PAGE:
President, Republic of China (Taiwan)
To be followed by a panel discussion chaired by
Professor Condoleezza Rice
Senior Fellow, FSI
Admiral Gary Roughead
Former Chief of Naval Operations
US Navy (Ret.)
Reception to follow.
Doors will open at 5:15pm,
and attendees should arrive before 5:50pm.
On May 20, 2008, Ma Ying-jeou was inaugurated as the 12th-term president of the Republic of China (ROC). During the presidential election Ma campaigned on a platform to revive Taiwan's flagging economy and restore core values of integrity, tolerance, and enterprising spirit. Ma secured a landslide victory with a total of 58.5 percent of the vote. The 2008 election represented Taiwan's second peaceful transfer of political power, marking a milestone in the country’s democratic development. On January 14, 2012, he was re-elected as the 13th-term president, with 51.6 percent of the vote.
President Ma graduated in 1972 from Taiwan's foremost academic institution, National Taiwan University, with a bachelor's degree from the College of Law. After earning a Master of Laws (LL.M.) degree from New York University in 1976, Ma received a Doctor of Juridical Science (S.J.D.) degree from Harvard Law School in 1981, specializing in law of the sea and international economic law.
In his early political career, Ma Ying-jeou served as deputy director of the First Bureau of the Presidential Office, where he acted as President Chiang Ching-kuo's English interpreter and secretary; Chairman of the Research, Development and Evaluation Commission of the Executive Yuan; and Minister of Justice. After teaching law at the College of Law, National Chengchi University, in 1998 Ma Ying-jeou was elected Mayor of Taipei with 51 percent of the vote, and four years he won a landslide victory for a second term with 64 percent of the vote. In 2005 he was elected chairman of the Kuomintang (KMT), again by a decisive margin, and three years later he was elected president of the Republic of China.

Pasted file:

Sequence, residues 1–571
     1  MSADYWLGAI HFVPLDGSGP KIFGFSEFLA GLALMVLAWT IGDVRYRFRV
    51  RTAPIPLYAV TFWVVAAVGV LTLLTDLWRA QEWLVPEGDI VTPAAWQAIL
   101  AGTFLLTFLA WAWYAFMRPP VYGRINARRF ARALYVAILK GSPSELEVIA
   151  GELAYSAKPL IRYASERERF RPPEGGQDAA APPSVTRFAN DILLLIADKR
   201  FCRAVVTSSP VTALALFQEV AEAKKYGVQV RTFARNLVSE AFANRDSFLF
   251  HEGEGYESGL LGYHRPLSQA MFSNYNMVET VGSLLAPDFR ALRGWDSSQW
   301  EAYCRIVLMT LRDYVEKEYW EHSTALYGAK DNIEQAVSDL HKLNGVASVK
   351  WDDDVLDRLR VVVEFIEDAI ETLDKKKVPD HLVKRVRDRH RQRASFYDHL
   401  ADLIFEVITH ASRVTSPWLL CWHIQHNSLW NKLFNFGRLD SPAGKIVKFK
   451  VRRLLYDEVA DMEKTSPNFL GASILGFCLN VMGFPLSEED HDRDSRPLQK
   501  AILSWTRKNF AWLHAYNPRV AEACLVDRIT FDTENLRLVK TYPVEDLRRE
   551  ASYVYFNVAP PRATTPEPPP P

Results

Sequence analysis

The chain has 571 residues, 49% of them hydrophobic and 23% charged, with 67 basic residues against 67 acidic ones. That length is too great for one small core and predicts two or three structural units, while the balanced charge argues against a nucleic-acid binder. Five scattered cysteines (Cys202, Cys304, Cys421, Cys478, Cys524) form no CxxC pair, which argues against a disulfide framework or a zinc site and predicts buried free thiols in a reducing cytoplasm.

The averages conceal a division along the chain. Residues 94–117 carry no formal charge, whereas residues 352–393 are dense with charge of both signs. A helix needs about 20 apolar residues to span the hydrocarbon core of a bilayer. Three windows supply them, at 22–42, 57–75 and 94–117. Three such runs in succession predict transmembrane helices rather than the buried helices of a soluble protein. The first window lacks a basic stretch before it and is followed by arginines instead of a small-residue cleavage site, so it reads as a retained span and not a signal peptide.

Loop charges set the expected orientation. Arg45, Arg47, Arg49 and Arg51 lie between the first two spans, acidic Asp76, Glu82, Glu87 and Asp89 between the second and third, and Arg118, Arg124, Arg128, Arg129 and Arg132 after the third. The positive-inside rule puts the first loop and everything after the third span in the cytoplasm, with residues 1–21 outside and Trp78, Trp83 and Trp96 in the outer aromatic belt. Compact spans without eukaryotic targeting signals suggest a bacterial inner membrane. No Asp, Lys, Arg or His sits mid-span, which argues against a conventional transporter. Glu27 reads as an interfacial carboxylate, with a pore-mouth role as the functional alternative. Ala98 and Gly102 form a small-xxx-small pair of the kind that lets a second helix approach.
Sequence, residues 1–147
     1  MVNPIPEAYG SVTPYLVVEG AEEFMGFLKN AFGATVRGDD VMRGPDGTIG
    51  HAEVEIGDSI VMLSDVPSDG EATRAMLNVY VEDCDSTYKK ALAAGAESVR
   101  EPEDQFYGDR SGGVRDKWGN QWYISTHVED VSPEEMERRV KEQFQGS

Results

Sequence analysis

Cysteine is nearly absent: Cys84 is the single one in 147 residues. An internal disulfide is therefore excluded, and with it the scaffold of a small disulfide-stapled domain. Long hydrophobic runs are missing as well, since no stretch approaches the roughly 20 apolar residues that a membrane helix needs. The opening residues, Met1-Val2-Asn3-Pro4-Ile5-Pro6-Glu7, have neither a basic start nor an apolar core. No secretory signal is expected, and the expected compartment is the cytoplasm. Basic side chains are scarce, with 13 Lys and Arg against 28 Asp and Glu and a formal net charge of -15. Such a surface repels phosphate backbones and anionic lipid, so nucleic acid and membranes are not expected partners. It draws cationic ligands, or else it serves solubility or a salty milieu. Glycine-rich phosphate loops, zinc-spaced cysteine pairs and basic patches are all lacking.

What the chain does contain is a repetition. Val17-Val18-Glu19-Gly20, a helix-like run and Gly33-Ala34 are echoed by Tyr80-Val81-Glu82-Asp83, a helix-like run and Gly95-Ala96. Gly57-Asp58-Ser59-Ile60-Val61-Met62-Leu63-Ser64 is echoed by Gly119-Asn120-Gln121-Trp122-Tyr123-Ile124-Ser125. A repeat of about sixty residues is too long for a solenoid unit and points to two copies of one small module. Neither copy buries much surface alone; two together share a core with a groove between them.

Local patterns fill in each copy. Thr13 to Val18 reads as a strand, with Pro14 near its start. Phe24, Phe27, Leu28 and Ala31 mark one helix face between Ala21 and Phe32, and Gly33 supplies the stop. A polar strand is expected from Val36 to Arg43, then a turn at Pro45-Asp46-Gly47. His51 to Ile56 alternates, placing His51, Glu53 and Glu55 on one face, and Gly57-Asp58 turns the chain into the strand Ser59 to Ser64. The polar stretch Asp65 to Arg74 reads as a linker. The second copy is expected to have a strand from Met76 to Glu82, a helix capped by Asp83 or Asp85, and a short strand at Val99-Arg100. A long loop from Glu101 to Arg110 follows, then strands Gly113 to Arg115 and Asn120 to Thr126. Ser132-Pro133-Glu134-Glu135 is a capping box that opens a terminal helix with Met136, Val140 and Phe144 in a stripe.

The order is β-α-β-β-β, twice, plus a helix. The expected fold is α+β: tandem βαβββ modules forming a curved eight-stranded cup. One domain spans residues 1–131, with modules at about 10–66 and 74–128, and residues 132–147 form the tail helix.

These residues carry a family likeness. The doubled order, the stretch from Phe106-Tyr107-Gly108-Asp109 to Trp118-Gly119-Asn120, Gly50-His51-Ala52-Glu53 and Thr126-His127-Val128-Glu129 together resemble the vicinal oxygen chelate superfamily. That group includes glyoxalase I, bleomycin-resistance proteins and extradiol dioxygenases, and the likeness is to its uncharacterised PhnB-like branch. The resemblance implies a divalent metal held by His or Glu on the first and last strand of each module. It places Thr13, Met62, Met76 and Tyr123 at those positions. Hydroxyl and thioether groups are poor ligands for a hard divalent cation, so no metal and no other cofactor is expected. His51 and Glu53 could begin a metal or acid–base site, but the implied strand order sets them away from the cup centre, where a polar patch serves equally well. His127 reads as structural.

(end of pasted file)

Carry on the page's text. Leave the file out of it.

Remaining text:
As President, Ma Ying-jeou has addressed the repercussions of the global financial crisis, stepping up efforts to bring about a more diversified industrial structure and to jump-start new engines for economic growth in Taiwan. President Ma has attached great importance to promoting energy conservation and carbon reduction, which has helped Taiwan’s energy efficiency to exceed 2%. Crafting a response to regional economic integration in Asia has been another key policy focus for the Ma administration. In 2010, his administration successfully negotiated an Economic Cooperation Framework Agreement (ECFA) with the People's Republic of China, a landmark in the improvement of Cross-Strait relations. President Ma's creative diplomacy has brought a significant improvement in cross-strait relations while putting an end to a long and vituperative standoff between the two sides in the diplomatic sphere.
This event is co-sponsored with the Taipei Economic and Cultural Office, San Francisco and the Office of the President of the Republic of China (Taiwan).